11/15/2014

2014 Antebellum "Buckaroo Plank" Electric Guitar




What happens when projects get canceled? Parts sprout up and need uses! Above soundclip is played through a little 1W Blackstar tube amp with emulated-speaker direct out.

I'd just installed a new bandsaw blade and wanted to test it out on something when I eyed this old cracky pine slab. I quickly traced the outline of a customer's Martin 5-18 on it and went to the saw. One full cut later and... voila. Now what? I had these parts mentioned about and so I went for it. Why not?


I loosely styled this on an old National electric I'd played with the controls mostly mounted under an archtop-style pickguard. I had this 40s Harmony wood tail and pickguard (nicely stenciled with "Buckaroo" on the front) in the bin and said "ah-hah, I want to use those."

After modding up the tail to allow for Tele-style adjustable saddles and locating a funky old Strat jack (which I reversed for top-mount here like on the aforementioned Nat'l) I quickly chiseled-in channels for the electronics and a neck-mount area. No router necessary with easy-peasy pine.

The only control is a volume pot which has a Jazz Bass-style mini-knob on it. It's located right where volume swells (chicken-pickin style) are made useful with the pinky finger. I blame Anders Parker for getting me hooked on that!


The neck is $200 worth of kit: a nice Warmoth CBS-size vintage-style Strat neck with 1 11/16" nut and fast, modern profile. It's got a set of Gotoh vintage-style tuners on it and it's finished in a bare-wood-feeling poly "gel varnish." I love the stuff. It doesn't get sticky, it's food-safe, and it gives a nice satin glow.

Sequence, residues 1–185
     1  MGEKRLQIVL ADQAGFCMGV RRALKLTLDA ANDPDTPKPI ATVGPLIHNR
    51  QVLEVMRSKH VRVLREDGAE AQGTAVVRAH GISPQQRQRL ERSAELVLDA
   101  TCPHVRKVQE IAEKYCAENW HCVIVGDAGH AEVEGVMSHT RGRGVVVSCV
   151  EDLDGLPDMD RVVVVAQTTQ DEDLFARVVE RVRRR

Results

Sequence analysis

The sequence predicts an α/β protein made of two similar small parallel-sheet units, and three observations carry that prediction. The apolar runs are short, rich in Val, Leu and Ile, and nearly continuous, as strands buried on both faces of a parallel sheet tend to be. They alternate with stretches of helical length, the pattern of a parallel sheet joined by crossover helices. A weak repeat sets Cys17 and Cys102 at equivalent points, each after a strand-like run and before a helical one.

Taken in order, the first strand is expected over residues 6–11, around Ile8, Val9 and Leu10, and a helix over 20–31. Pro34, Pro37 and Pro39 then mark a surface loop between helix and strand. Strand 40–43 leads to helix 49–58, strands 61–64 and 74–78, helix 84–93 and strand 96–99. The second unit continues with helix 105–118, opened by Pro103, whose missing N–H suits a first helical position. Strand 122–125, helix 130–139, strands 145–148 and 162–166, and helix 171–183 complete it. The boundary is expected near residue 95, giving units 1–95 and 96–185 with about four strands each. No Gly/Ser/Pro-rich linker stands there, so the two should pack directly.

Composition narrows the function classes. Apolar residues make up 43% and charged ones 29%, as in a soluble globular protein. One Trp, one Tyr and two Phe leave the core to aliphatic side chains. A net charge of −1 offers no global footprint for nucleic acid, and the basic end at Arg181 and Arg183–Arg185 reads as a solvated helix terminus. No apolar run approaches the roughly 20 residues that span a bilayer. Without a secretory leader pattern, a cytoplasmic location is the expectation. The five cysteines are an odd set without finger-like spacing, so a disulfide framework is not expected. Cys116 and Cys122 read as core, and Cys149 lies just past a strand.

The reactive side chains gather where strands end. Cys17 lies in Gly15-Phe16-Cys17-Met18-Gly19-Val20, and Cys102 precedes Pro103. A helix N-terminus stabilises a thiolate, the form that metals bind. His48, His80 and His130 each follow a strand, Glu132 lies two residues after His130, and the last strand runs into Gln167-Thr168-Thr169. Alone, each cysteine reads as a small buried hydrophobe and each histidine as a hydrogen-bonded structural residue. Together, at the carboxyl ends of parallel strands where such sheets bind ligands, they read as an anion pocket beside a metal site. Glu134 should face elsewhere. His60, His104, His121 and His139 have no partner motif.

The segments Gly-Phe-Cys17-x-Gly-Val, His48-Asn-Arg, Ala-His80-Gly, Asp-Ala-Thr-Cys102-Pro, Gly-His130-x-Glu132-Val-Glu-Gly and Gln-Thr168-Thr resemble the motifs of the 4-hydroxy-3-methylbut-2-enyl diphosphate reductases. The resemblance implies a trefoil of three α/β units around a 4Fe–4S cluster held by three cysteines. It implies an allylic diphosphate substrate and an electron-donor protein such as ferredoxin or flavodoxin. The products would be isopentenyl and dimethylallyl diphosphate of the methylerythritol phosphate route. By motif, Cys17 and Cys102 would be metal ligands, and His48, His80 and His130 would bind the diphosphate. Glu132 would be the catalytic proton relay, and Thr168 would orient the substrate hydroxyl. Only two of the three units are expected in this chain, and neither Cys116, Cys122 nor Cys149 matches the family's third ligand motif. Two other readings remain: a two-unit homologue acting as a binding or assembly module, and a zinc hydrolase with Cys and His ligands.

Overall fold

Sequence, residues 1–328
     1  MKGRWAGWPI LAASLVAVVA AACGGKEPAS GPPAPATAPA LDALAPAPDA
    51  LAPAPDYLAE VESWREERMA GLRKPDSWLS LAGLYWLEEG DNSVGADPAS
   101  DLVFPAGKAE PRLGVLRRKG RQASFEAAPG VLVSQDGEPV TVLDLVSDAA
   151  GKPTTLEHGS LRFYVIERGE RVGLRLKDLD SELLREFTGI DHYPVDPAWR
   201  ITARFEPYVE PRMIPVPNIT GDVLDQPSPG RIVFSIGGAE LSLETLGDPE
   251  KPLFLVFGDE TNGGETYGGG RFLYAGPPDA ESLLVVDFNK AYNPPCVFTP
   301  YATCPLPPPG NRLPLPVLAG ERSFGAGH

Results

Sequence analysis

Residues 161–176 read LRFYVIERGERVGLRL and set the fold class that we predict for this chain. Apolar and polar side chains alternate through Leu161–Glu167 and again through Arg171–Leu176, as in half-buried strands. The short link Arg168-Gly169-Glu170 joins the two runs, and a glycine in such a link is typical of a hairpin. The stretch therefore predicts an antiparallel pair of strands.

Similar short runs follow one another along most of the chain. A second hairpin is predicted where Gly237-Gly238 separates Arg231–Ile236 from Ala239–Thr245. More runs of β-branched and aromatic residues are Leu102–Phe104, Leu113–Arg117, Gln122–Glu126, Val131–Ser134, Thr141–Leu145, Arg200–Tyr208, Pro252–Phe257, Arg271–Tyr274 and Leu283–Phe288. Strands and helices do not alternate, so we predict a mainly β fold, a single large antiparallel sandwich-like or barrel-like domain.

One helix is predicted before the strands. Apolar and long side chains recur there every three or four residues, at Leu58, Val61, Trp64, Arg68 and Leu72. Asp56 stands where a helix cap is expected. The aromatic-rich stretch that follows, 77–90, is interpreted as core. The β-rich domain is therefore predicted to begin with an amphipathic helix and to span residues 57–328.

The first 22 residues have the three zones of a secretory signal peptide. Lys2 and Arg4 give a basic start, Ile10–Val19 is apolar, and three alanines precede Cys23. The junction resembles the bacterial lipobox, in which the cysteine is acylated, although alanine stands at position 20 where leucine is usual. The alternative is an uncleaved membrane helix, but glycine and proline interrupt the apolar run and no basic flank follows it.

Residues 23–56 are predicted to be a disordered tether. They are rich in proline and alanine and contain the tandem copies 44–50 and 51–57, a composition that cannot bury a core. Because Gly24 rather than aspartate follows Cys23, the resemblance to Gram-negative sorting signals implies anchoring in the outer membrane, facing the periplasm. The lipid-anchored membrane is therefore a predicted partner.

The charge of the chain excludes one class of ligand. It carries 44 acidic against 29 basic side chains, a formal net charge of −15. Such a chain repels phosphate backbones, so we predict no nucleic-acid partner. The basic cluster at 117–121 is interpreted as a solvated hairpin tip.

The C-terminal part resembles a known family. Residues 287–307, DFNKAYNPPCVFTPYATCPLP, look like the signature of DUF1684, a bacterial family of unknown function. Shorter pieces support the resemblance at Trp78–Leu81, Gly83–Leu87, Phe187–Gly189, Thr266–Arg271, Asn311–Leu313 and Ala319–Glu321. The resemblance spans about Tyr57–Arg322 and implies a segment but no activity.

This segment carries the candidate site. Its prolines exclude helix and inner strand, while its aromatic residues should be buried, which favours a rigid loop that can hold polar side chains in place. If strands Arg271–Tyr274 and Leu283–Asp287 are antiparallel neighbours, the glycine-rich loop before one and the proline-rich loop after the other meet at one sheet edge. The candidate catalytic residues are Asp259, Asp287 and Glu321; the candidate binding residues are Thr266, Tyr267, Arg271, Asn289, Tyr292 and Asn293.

A radiused rosewood board and Gibson-y sized medium frets is also bedecked with clay dots.


The single late-60s DeArmond-made Goldfoil pup is raunchy, raucous and fun in that crunchy way they're famous for. It sounds great on the pine body and the poles are adjustable.



I think you can see how the tail/bridge works... and it's fully adjustable, too. The saddles are intonated for regular unwound G electric strings. I've got a set of 10s on here as the scale is standard 25 1/2" and it feels "right" and super-slinky at that gauge.


Yes, strap buttons. The body has one sealer-coat of the same poly "gel varnish" stuff. I just wanted to darken it up a little but otherwise I would've left it bare. All the grunge from years of kicking around in our barn is left on the top and back sides, though. I didn't spend a lot of time sanding this out so it's definitely folk-arty.

The curves are smooth, though, mostly thanks to that nice new bandsaw blade...!





This originally had string-through slots I was going to use when I'd planned to make this an electric classical guitar. Unfortunately... the mucked-up Fishman archtop guitar bridge I was using (it sounded great, mind you) actually cracked under string tension overnight after stringing it up so that plan was abandoned. Haphazard screws mark the sinking of that plan.


The grain on the pine looks sweet, no?

This thing has smaller and bigger cracks here and there but it's nice and sturdy so I'm really not worried about having any trouble with them.




This rig will be available at parts cost. I played it during the jam today and had a blast. Buddy Forrest tells me to add a ranch-style brand. Well -- I'll let you do that... or use this for parts... or play it and burn it on stage. Your choice.

What's cool is that this handles like an old Harmony small-body Stratotone but actually has good intonation, super playability, and a full scale with a fast neck. Yes... modern conveniences.

3 comments:

Anonymous said...

Nice!!!

Frank

John Percy said...

I notice the input jack is reversed. Are you running a battery (which I do with my strat and active pups)or just didn't feel like routing?

Jake Wildwood said...

John: #2!!